the present plan, close to the two com-.
n"anles now on the island. It is expected
that the Walla Walla troops will be sent
from the fort in time to reach Portland
a couple of days before the opening, thus
giving -them ample time to go Into camp
and get their horses straightened out
after the long journey by train. It' rs
not now known how long the cavalry will
remain in Portland, but It is thought that
thp camp will be kept here for some time.
The Vancouver Infantry .will. In all
probability, be brought to the city on the
day of the opening and returned in the
evening after the exercises have been
Colonel Steever. of the cavalry, will act
as the marshal of the day during the
programme incident to the opening of the-Exposition.
Governor Mead Accompanied by
Party of Washingtonlnns.
OLTMPIA. Wash.. May 22. (Special.)
It Is announced that Governor Mead and
the members of his personal staff will
leave Olympia. May 21 for Portland, ar
riving there that evening, so as to be on
hand for the opening ceromonles at the
Lewis and Clark Exposition. It is now
planned that tho dedication of the .Wash
ington building will take place at noon,
June 1. at which time "an address will be
delivered by the Governor.
A legislative committee appointed by
the last House and Senate will also be
present officially to represent this state
at the opening ceremonies.
The Governor's party Includes tho fol
lowing: Governor and Mrs. A. E. Mead;
the executive secretary. Major A. N.
Brown and Mrs. Brown: Miss McLeod.
stenographer; Adjutant-General and Mrs.
J. A. Drain. Colonel John Kcnzle. Colonel
and Mrs. E. K. Irwin, Colonel and Mrs. E.
P. Gilbert! of Spokane; Lieutenant-Colonel
J. M. Fish, of Kettle Falls; Lieutenant-Colonel
A. J. Welsbach. of Tacoma;
Colonel D. Daun Egan. of Belllngham:
Colonel and Mrs. A. E. Kagwin. of Kelso:
Colonel and Mrs. M. P. Hurd. of Mount
Vernon; Lieutenant-Colonel and Mrs. W.
G. Potts, of Seattle, and Colonel and Mrs.
C. C Darrow. of Seattle.
University Day at the Fair.
May 2. (Special.) President P. L. Camp
bell made the announcement today that
all preparations had beenx perfected for
University day at the Lewis and Clark
Exposition June 16. The Portland Univer
sity Club, all member? of the Alumni As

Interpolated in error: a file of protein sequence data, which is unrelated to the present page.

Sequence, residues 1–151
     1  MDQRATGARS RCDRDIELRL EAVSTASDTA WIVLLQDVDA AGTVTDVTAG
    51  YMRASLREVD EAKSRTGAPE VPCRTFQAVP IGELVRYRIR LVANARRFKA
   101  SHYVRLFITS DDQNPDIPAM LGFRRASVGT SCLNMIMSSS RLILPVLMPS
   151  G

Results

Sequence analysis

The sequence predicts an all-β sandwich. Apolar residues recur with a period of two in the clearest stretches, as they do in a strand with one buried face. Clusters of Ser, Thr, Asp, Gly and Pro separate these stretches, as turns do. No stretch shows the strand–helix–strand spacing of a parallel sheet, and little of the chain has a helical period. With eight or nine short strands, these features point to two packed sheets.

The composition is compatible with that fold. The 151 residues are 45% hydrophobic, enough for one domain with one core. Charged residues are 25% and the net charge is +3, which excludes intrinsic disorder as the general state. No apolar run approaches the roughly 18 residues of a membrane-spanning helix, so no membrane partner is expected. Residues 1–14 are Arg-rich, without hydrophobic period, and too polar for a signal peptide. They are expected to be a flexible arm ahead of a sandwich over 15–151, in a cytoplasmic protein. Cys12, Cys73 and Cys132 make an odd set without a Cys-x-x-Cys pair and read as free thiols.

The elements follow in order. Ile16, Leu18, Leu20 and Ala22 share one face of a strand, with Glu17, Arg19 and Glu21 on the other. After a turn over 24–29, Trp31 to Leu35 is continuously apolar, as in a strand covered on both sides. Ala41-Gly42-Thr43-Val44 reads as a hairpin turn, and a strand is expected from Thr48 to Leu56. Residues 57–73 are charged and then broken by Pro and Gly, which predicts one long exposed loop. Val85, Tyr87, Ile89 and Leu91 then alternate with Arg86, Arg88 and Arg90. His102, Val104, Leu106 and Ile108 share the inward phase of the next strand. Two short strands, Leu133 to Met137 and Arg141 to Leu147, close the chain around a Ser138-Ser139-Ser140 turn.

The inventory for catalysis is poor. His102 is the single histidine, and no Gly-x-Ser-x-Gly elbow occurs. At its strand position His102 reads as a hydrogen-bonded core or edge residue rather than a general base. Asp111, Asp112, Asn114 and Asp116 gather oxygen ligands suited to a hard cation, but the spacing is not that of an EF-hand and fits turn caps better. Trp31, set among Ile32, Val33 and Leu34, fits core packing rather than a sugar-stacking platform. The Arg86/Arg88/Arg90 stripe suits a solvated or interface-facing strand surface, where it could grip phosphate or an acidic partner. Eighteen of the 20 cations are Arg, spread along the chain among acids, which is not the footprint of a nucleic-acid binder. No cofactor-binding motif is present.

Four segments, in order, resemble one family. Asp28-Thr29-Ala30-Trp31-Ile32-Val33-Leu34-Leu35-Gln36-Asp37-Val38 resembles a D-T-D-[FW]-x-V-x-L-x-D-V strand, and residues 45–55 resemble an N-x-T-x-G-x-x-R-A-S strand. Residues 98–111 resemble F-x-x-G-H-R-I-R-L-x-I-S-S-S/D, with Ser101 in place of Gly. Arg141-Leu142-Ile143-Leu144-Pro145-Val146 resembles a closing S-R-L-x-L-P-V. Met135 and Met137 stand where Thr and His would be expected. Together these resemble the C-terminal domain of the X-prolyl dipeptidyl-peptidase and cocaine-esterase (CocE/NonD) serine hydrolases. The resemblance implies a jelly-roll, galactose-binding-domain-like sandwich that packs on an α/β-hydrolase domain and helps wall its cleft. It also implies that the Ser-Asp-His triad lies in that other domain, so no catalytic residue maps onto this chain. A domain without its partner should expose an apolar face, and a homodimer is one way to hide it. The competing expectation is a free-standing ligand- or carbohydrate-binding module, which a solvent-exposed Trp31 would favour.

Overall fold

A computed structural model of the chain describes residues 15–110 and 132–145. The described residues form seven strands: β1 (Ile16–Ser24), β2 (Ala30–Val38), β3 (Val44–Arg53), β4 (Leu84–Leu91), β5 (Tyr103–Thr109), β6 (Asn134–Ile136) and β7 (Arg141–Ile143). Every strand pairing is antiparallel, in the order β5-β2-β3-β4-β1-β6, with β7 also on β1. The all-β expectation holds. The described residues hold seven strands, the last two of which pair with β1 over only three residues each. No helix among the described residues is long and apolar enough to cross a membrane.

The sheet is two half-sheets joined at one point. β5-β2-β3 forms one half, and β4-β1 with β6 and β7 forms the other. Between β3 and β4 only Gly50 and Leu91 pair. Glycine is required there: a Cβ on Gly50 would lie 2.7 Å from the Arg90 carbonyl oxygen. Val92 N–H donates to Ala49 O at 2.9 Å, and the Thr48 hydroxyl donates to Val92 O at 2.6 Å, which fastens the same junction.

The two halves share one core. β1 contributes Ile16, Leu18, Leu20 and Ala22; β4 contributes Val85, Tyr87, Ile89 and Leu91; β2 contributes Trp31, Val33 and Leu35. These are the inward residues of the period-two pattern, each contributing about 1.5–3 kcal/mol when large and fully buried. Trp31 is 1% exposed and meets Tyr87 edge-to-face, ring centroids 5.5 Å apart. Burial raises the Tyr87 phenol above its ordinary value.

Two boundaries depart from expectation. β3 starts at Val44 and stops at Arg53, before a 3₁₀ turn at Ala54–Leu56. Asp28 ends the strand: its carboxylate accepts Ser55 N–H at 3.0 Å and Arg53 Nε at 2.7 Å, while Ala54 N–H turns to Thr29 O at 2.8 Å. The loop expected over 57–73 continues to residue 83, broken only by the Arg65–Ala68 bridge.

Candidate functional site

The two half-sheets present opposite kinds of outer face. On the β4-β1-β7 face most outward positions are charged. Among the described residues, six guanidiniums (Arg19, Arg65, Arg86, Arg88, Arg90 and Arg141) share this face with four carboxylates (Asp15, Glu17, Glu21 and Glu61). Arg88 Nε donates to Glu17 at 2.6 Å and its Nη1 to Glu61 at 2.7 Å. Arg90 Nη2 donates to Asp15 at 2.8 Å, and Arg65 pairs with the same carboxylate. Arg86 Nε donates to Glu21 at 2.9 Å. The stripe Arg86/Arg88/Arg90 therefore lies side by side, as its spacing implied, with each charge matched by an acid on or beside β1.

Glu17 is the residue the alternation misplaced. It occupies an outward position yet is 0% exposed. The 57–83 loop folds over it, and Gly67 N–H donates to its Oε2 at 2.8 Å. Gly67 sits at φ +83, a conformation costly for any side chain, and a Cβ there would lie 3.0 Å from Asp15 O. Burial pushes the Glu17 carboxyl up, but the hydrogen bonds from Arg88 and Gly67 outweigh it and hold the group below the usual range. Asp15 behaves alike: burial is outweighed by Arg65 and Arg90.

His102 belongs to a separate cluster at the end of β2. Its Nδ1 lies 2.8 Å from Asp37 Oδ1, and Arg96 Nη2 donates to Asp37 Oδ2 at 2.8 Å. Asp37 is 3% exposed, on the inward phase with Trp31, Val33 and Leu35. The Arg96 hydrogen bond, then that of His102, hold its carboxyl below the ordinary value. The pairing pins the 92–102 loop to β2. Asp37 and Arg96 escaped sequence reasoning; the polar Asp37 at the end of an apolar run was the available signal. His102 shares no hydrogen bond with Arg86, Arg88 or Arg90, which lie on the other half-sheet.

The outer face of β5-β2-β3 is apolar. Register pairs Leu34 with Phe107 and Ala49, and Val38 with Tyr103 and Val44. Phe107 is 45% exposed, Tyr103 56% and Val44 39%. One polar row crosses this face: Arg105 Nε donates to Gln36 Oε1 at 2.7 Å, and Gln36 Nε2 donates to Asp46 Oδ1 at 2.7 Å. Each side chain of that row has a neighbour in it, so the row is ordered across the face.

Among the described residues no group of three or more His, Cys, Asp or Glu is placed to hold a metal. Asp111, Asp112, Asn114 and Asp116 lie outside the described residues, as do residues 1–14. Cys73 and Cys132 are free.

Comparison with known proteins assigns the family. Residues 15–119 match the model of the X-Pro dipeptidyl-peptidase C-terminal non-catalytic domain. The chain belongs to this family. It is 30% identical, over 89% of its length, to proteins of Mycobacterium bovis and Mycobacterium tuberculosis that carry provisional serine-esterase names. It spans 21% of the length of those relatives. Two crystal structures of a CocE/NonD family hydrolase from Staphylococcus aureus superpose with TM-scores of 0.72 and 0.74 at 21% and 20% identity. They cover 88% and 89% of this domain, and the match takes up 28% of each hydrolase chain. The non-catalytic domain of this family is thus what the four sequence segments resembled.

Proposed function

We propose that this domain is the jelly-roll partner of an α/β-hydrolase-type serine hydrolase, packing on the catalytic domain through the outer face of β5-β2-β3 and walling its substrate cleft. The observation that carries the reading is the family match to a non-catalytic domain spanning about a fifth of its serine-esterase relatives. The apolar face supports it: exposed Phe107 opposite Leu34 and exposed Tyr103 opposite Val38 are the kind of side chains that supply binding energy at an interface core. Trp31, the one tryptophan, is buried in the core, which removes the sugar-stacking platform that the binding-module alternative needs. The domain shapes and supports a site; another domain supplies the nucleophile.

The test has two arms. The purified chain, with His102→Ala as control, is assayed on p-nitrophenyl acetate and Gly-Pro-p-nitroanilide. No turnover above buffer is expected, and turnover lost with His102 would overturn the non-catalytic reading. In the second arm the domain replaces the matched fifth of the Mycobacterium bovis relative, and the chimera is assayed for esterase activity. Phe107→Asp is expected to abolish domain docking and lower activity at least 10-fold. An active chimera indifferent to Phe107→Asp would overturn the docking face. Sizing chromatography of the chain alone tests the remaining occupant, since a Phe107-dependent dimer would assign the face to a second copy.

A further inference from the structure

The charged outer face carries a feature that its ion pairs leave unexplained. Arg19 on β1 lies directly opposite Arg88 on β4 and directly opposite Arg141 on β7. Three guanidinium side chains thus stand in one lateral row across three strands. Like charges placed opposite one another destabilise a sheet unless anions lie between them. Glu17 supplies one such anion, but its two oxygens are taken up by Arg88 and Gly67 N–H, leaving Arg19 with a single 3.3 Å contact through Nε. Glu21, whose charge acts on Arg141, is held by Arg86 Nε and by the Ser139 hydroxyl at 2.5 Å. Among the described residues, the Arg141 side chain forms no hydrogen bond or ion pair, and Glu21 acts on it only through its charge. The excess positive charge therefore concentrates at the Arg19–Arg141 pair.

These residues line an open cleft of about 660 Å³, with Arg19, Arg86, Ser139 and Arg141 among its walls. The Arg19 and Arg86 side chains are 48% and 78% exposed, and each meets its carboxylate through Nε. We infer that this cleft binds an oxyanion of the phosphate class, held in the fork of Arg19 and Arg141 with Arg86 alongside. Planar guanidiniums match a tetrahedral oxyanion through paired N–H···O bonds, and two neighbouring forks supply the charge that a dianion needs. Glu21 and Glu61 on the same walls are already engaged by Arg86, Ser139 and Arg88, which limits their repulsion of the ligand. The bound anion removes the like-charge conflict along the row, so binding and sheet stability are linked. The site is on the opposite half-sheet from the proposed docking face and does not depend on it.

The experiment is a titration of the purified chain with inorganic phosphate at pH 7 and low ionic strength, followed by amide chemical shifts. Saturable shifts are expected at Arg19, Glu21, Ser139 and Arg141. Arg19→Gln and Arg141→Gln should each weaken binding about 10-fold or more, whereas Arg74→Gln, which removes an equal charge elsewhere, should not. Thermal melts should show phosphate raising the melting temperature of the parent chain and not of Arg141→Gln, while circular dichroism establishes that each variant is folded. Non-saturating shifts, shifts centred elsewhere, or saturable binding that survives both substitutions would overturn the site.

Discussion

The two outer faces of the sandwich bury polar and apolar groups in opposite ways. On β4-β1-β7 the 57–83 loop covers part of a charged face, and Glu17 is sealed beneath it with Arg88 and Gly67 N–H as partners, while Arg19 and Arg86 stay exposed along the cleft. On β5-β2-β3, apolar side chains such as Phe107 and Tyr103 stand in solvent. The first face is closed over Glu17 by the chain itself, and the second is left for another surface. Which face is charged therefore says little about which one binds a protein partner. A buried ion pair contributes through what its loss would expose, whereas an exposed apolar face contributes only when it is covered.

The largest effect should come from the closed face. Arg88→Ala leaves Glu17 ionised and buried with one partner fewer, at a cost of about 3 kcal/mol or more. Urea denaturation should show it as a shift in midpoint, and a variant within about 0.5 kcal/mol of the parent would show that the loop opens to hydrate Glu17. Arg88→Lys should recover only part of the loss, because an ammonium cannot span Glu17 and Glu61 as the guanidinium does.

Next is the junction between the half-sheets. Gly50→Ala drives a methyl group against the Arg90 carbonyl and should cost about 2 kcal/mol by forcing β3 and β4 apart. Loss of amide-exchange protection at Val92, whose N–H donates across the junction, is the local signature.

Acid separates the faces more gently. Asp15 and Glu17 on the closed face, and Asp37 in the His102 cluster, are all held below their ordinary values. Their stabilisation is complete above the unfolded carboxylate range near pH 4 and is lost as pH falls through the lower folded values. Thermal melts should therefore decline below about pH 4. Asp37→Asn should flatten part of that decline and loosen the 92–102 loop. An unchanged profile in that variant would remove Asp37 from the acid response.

sociation, and the Oregon student body
will co-operate in the programme.
The principal feature of the University
progmmme-will be the unveiling of a bust
of Thomas Jefferson as an appreciation
of hi? efforts In fixing the standards of
college attainment In America v No one
has yet been -enraged to deliver the ad
dress. Other minor feature of the day
have been, arranged.
Commercial Club Will Close for
Twenty-Four Hours.
II Is Planned to Give All Employes
the- Opportunity to Visit the
Exposition -on the
First Day.
la order that all employes may visit the
Lewis and Clark Exposition on the open
ing day, the Commercial Club will close
its doors for 21 hours.'and no one will be
allowed In the clubrooms -with the excep
tion of a watchman. This Is an action
that has never been taken before by such
an organization; It was determined upon
yesterday afternoon at a meeting of the
board of governors, through which 700
business and professional men speak.
To carry out the idea of the board of
governors will be to close for a whole day
an establishment that runs regularly day
and night Upon June 1 there will be no
meals or luncheons served, the parlors
will be closed to members and guests, the
billiard-rooms and bowling alleys will be
closed, the bar will be closed. And it will
be, perhaps, the ony closed bar in Port
land upon that day. The Commercial Club
employs many persons, and the board of
governors Insists that these employes
spend the day as a holiday in every sense
of tho word and visit the Exposition
either during the afternoon or the eve
ning. The prime reason for the action of the
board of governors Is to sot a good exam
ple for those business and professional
men who have hesitated to close and make
the opening day of the Exposition a holi
day. The movement is gaining favor and
numbers of business men have signified
their Intention of closing all day and in
sisting that employes visit the Fair. The
matter of decoration is receiving a great
deal of attention, and many novel effects
in decoration are promised by merchants.
Almost every residence along the streets
leading to the Exposition grounds will be
decorated with flags and banners and
flowers. There has been a great sale of
tho official Lewis and Clark flag, and the
fields and hills have been ravaged for
Oregon grape. Citizens are taking a pride
in the Fair and are determined to show
the visitors on the opening day that there
is a certain way of doing things In Port